On August 17, 2007 St. George’s University School of Medicine (SGUSOM) and Northumbria University’s School of Applied Sciences (NU) welcomed a new class of medical students into the Keith B. Taylor Global Scholars Program (KBTGSP). This class has 119 students from 13 different countries, a significant increase from the 54 students in the January ‘07 charter class. The White Coat Ceremony marks the beginning of medical studies as the official entry into the profession of medicine. Students don the white coat, a symbol of their chosen profession, and swear a professional oath, promising to act with integrity and in an ethical manner during their training and careers in medicine.
The Keynote Speaker was Professor Sir Kenneth Stuart, an accomplished academic who serves as a member of the Academic Board of SGU and the Board of Directors of the UK Trust for WINDREF. A past Medical Adviser to the Commonwealth Secretariat, London, Sir Kenneth Stuart also served as Professor and Dean of the Department of Medicine at the University of the West Indies, Jamaica; a consultant at University Hospital, Jamaica; and consultant advisor to the Wellcome Trust. He served as Chairman of the Court of Governors of the London School of Hygiene and Tropical Medicine, and as a member of the Council of Governors of Guys’, Kings and St. Thomas’ Hospitals Medical School, London. Sir Kenneth Stuart has published many articles in medical journals on hepatic and cardiovascular disorders. He is also a patron of Doctors for Human Rights and trustee of London Lighthouse.
The Master of Ceremonies was SGU alumni Zahida S. Chaudry, MD, SGU’05. She gave a realistic and yet impassioned view of the practice of medicine. They were joined by SGU’s Chancellor Charles R. Modica and NU’s Vice Chancellor Kel Fidler who both welcomed the students to St. George’s, Northumbria University and Newcastle, and the profession of medicine.Sir Kenneth Stuart inspired this new class during his keynote address, as he praised the SGUSOM and NU partnership for its “wisdom and foresight.” During the opening of his speech, he stated that in addition to being a special occasion for each individual student, this was a public occasion as well. “This (occasion) is a public mark of a partnership between SGUSOM and NU, which, I predict, will make it the largest and most important international centre for medical education for years to come.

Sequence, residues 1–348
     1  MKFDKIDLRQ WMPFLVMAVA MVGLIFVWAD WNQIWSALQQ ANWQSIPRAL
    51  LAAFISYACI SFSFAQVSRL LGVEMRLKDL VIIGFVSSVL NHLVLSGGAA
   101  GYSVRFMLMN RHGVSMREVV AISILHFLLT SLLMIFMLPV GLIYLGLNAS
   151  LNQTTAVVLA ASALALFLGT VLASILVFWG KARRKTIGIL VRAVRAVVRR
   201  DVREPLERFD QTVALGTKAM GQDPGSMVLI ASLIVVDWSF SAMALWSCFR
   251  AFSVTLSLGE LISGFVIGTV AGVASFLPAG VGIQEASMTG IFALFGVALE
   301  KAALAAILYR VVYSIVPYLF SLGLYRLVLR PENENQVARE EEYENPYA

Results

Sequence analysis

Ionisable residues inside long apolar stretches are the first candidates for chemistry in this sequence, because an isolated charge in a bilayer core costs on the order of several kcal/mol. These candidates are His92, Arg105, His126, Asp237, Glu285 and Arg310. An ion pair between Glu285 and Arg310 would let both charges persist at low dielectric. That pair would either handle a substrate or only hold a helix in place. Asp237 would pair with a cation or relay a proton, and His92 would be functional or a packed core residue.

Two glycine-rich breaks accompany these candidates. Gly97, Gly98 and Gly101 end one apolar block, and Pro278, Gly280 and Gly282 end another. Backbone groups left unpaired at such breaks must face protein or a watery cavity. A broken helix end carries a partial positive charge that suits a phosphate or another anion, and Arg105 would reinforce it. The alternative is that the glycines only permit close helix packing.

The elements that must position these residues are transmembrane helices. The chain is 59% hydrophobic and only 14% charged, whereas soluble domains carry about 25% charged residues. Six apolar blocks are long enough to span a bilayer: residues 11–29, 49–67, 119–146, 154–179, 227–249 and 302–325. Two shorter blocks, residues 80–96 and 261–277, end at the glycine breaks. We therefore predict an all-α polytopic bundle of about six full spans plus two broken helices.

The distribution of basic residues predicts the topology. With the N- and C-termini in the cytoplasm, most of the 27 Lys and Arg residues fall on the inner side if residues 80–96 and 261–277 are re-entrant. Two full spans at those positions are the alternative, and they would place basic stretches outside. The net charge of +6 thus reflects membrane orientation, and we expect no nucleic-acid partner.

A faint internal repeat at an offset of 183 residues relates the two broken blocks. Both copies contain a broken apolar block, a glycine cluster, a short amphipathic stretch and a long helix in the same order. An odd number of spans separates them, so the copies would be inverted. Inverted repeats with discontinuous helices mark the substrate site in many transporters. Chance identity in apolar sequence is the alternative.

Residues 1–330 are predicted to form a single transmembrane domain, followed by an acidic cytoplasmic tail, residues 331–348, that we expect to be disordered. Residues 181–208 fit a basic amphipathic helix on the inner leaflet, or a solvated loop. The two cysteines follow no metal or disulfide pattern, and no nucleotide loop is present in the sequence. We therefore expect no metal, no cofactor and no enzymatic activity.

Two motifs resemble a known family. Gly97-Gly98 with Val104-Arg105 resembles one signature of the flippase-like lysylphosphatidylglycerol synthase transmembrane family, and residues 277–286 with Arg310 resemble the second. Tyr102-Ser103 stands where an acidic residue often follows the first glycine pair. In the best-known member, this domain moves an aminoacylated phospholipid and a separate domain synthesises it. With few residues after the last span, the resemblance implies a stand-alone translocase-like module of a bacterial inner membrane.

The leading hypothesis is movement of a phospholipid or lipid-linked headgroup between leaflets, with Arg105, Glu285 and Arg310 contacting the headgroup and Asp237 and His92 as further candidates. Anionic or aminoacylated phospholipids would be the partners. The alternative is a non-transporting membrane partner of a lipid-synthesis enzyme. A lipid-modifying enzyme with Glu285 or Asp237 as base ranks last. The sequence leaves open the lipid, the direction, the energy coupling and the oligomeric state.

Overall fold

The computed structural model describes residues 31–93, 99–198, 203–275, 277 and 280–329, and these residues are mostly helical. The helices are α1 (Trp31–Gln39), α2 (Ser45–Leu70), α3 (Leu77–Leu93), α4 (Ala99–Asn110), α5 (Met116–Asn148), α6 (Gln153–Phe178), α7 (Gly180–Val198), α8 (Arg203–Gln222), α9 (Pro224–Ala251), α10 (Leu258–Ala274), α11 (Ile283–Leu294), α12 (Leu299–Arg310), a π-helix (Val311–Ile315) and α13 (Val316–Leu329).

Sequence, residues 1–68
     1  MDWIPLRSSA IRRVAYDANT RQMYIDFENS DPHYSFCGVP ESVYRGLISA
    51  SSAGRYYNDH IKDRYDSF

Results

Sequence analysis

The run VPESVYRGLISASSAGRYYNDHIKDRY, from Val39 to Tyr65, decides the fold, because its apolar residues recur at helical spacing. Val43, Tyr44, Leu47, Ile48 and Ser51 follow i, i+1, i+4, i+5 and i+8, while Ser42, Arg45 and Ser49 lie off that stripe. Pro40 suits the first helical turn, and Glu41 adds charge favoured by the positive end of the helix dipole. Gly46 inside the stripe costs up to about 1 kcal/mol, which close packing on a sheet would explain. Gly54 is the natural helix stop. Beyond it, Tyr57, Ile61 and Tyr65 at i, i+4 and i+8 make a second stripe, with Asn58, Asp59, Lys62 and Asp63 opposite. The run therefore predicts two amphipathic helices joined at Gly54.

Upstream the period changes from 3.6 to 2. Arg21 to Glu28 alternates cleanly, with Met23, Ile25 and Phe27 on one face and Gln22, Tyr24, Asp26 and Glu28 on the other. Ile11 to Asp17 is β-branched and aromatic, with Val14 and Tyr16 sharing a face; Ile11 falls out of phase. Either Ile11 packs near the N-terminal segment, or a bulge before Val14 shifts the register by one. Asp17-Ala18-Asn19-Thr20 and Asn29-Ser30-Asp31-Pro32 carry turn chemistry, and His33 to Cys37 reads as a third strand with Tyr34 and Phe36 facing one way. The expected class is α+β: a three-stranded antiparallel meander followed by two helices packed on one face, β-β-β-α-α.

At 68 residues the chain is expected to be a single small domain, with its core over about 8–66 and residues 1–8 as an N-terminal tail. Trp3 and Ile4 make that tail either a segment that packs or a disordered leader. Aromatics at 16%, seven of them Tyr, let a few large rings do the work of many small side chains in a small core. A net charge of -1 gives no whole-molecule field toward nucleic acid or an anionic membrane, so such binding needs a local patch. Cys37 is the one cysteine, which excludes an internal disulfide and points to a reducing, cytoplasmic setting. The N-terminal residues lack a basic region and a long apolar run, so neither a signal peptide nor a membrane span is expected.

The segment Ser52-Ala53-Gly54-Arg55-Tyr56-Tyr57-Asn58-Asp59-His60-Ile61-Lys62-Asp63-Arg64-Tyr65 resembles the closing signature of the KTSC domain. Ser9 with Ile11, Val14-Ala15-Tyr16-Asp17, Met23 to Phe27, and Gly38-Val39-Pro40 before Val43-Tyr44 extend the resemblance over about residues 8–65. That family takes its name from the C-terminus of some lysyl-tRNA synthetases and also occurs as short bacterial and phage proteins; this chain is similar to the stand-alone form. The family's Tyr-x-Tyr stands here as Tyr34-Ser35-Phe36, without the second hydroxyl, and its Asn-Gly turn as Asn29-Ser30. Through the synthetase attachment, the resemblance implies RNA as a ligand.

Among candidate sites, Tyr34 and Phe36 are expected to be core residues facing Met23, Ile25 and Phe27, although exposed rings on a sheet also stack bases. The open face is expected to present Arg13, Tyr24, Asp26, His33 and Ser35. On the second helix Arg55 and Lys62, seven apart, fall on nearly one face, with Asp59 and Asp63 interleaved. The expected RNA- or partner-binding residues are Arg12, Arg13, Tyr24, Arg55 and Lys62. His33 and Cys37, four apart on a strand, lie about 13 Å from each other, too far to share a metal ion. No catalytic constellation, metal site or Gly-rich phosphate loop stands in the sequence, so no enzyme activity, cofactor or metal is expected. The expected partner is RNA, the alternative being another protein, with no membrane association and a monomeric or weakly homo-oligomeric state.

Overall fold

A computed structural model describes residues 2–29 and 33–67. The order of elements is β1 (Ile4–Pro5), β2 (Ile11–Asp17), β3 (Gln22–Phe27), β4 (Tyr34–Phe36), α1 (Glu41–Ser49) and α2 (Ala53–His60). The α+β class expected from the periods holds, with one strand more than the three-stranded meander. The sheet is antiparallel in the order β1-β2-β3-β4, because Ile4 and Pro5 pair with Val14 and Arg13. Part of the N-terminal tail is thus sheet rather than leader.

”Sir Kenneth Stuart captured the essence of SGU’s foundation and future endeavors as he spoke of the powerful unifying effects of universities working together toward a “sense of shared humanity.” He compared SGU’s thirty-year journey of academic growth and international expansion to the exciting journey each student was about to begin. He urged the class to set goals that are both fulfilling and substantial.
Sir Kenneth Stuart expressed that one of medicine’s challenges is the collective responsibility to strengthen the health care system globally. This, he stressed, is a privileged position for doctors, “an international guild or brotherhood, where members can take up their calling in any part of the world and find colleagues whose traditions, methods and objectives are identical with theirs.”